OVERSTEER ROAD TEST: Subaru Legacy X
The new Subaru Legacy sedan range-topper is a slightly unusual beast – it is a sedan with the increased ride-height of crossover. Fully-loaded with tech and toys, the Legacy X may look a bit odd and fill an extraordinarily narrow niche, but it is quite convincing…
Alright, I will admit I was skeptical about the idea of a jacked-up Legacy sedan. What was the point? If you wanted to go slightly further off the road than a standard Legacy would allow, then there was the Outback, which is more or less a jacked-up Legacy wagon anyway.
Subaru argue that the Legacy X, as it is known, will be of interest to rural businesspeople who want to maintain a “premium image”. Obviously a wagon isn’t “premium” enough for these people (which will no doubt come as a surprise to Audi…), but I have to admit it does kind of makes sense, in a very niche way. Which is also why Subaru NZ only expects to sell about 20 Legacy Xs a year in this country.
If the argument seems slightly flawed, the execution is actually very convincing indeed. The Legacy X has a 50mm increase in ride height over a normal Legacy sedan, giving it an impressive ground clearance of 200mm. Now, this is absolutely useless to your average city-dweller, but this is most certainly not who the Legacy X is aimed at.
In taking photos of the Legacy X for this article I decided to take it to a spot I usually take car-based SUVs for “off road” photos. It is not exactly a hard-core off road spot, but a normal car would have no hope of reaching it. I will admit I had my reservations, but the Legacy X handled it with aplomb.
While the added height does add somewhat to the standard Legacy’s tall, thin, awkward look, it actually works quite well at any viewing angle other than straight front- or rear-on.
Despite this tallboy stance the Legacy X still handles remarkably well. Throw it not a corner and you would be hard-pressed to guess you were in a vehicle with 200mm ground clearance, as it tucks in as nicely as a standard-height Legacy and betrays very little body roll.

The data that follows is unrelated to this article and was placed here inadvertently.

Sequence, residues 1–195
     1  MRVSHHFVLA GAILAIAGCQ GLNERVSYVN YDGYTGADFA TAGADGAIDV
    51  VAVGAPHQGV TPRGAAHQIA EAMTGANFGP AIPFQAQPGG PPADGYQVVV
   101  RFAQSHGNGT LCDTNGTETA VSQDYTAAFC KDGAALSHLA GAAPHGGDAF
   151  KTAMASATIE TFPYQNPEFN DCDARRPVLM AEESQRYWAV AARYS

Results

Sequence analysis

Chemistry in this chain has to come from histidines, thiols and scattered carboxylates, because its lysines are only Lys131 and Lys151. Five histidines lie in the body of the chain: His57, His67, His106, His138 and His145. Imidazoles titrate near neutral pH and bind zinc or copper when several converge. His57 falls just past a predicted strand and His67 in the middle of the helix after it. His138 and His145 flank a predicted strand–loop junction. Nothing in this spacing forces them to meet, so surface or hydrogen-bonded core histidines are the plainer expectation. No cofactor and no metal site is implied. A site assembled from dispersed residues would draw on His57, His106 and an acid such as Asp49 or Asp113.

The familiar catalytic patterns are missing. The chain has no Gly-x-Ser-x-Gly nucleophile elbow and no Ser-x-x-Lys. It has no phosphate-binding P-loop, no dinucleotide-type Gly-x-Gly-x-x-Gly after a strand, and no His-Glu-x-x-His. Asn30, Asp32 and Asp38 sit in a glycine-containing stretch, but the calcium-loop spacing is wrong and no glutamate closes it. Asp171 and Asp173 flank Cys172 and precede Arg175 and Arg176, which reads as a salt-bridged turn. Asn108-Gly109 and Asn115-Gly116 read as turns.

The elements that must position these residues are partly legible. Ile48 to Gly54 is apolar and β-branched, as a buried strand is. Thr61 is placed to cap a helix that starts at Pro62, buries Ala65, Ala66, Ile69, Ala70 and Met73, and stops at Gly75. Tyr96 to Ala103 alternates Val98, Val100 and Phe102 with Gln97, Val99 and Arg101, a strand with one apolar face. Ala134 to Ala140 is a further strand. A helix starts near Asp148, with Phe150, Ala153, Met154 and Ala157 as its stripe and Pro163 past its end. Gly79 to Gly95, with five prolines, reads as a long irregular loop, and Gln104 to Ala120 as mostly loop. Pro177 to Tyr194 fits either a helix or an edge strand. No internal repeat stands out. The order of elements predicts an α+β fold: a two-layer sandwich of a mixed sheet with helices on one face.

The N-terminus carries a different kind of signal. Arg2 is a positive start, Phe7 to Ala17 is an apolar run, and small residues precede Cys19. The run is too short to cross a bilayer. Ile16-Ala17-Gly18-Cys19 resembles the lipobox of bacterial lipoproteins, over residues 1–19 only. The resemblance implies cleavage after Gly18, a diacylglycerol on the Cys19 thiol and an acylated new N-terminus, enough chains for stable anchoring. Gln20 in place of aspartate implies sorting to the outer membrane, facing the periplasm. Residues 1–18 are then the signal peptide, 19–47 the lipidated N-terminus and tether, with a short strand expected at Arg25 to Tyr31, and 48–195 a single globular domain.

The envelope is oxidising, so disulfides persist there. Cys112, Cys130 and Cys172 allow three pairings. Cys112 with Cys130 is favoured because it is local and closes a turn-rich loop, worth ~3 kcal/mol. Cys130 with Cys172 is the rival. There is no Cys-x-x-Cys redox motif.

The 3.6-litre horizontally opposed six-cylinder engine is strong and throaty, with a fat mid-range that makes cruising effortless in the Legacy X. It is a bit dull off the line, but once the revs build and you are in the middle of the fat torque curve, everything comes right.
The Legacy X clocks in at $57,990, making it the top of the Legacy sedan range, as such it basically comes with everything: leather upholstery, powered/heated front seats, satellite navigation, automatic lights/wipers, windscreen wiper de-icer, a ear-bleeding McIntosh 10-speaker sound system and the new, high-tech EyeSight active safety system.
EyeSight is most impressive, and I could easily devote many, many paragraphs to how it works, but why do that when Subaru USA has a video that explains it far better than I ever could…
The radar-based cruise control is particularly effective in Auckland’s stop-start motorway traffic, while the lane departure warning can thankfully be turned off on the open road, where it simply becomes an annoyance.
Because it is camera-based, it does have its limitations, but once you get used to it, it is a very easy system to live with.
All up, the Legacy X is a very easy car to like. If you spend a lot of time in rural areas it is a car that actually makes a lot of sense. Providing you really don’t want a wagon, that is.
Need to know
Engine: 3630cc 6-cylinder petrol
Transmission: Five-speed automatic
Fuel consumption: 10.3L/100km
CO2 emissions: 242g/km